January might be the middle of winter and we have little opportunity to get our wellies on and get outdoors, but we can take heart that the garden will start to grow as the days lengthen.
Now is a great time to plan for the coming gardening year and contemplate which seeds and plants would work in your garden. There are lots of new nursery and seed catalogues to trawl through on the bitterly cold rainy days with a hot cuppa!
- Top Jobs in January
- Dig over any vacant beds that have not been dug already
- Inspect stored tubers of Dahlia, Begonia and Canna for rot or drying out
- Prune apple and pear trees
- Clean pots and greenhouses ready for spring
- Start forcing rhubarb
- Plan your vegetable crop rotations for the coming season
- Gather catalogues and order for the coming year
Cut off old leaves of hellebores that produce flowers from ground level to expose the flowers. You can also cut away some Iris unguicularis leaves to expose the flowers.
Root cuttings can be taken now. For example: Papaver (perennial poppies), Verbascum (mullein), Acanthus and Phlox.
Start cutting back grasses and other perennials left for winter interest. Alternatively you can leave them a few more months to provide wildlife cover.
During dry spells, you can still lift and divide herbaceous perennials. This will increase stocks, and revive poorly flowering clumps.
Sowing & Planting
Sow seeds of Begonia, Lobelia, Salvia and Pelargonium in a heated greenhouse or propagator to provide early plants.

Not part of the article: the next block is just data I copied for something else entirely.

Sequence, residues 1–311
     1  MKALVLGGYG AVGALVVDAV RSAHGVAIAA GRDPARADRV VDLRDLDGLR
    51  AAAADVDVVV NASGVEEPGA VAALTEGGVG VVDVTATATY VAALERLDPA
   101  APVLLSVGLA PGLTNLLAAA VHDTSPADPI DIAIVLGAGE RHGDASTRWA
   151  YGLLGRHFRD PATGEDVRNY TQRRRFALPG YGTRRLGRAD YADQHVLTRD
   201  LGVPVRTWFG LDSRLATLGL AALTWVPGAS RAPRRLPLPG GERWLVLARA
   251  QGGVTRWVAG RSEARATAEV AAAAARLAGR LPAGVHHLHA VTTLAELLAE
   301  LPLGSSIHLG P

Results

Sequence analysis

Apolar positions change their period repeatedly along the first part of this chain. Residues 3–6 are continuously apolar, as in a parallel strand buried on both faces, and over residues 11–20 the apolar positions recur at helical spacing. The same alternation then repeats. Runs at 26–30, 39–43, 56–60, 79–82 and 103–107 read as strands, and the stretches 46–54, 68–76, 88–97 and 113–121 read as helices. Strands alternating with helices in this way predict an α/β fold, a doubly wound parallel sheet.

Sweet peas can be sown this month. Sweet peas sown earlier in the autumn can now be potted on taking care not to disturb the roots too much. Place them on a sunny windowsill, or on a high shelf in the greenhouse that gets plenty of light.
This is the last chance to sow seeds that need frost in order to germinate (such as native tree and shrub seeds, and alpine plants).
Plant lily bulbs in pots and borders when mild. Summer bulbs, seed potatoes and onion sets will be available to buy from the middle of the month.
Shrubs & Trees
Plant roses, but avoid areas where roses were previously grown as this can lead to problems with replant diseases.
Continue to plant bare-root deciduous hedging plants and trees. Stakes should be put in place before the rootball to avoid damage to the roots.
Move established deciduous trees and shrubs, provided the ground is not frozen or waterlogged.
Take note of the most vibrant dogwoods (Cornus), Salix and white-stemmed Rubus shrubs for a display of coloured stems.
Seek out scented winter shrubs, such as Hamamelis ,Sarcococca and Chimonanthus and consider planting them for a winter display.
Keep tubs and containers tidy, cutting back and removing debris regularly. They can be mulched with compost or grit. Grit is aesthetically pleasing, and will reduce the surface puddling that can occur when light composts are beaten into a solid ‘cap’ by raindrops.
Some pots – particularly those sheltered by eaves or balconies – may need watering. Check the compost (at a hand’s depth) to see if it feels dry. Aim to keep pots moist (not too wet), but do not let them dry out.
Raise pots onto feet or bricks, if you have not done so already, to avoid them sitting in the wet.